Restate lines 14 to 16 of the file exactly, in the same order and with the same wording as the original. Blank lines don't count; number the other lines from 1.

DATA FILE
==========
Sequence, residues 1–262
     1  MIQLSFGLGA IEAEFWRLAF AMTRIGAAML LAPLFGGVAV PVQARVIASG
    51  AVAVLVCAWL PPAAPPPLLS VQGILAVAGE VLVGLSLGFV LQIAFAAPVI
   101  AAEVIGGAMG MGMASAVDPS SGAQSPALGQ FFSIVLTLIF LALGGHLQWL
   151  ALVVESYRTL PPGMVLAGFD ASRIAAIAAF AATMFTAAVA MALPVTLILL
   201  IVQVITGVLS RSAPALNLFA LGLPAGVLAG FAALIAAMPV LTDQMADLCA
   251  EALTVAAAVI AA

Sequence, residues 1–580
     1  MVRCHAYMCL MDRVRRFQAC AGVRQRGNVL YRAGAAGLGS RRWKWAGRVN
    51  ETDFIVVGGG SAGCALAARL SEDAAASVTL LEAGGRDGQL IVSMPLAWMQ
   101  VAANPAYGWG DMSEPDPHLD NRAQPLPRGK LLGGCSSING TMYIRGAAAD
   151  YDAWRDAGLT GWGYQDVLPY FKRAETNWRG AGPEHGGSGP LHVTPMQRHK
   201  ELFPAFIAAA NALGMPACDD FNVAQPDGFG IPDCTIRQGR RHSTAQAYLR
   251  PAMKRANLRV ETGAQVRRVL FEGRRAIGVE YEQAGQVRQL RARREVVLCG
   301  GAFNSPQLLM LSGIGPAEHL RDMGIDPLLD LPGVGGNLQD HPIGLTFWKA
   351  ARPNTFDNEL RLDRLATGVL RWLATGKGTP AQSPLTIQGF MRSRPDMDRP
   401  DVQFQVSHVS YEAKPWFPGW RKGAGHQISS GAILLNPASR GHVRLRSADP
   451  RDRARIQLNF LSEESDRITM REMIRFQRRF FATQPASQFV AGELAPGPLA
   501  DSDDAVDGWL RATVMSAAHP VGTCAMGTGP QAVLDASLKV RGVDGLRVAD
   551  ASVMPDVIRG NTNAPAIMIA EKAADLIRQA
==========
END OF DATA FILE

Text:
   251  PAMKRANLRV ETGAQVRRVL FEGRRAIGVE YEQAGQVRQL RARREVVLCG
   301  GAFNSPQLLM LSGIGPAEHL RDMGIDPLLD LPGVGGNLQD HPIGLTFWKA
   351  ARPNTFDNEL RLDRLATGVL RWLATGKGTP AQSPLTIQGF MRSRPDMDRP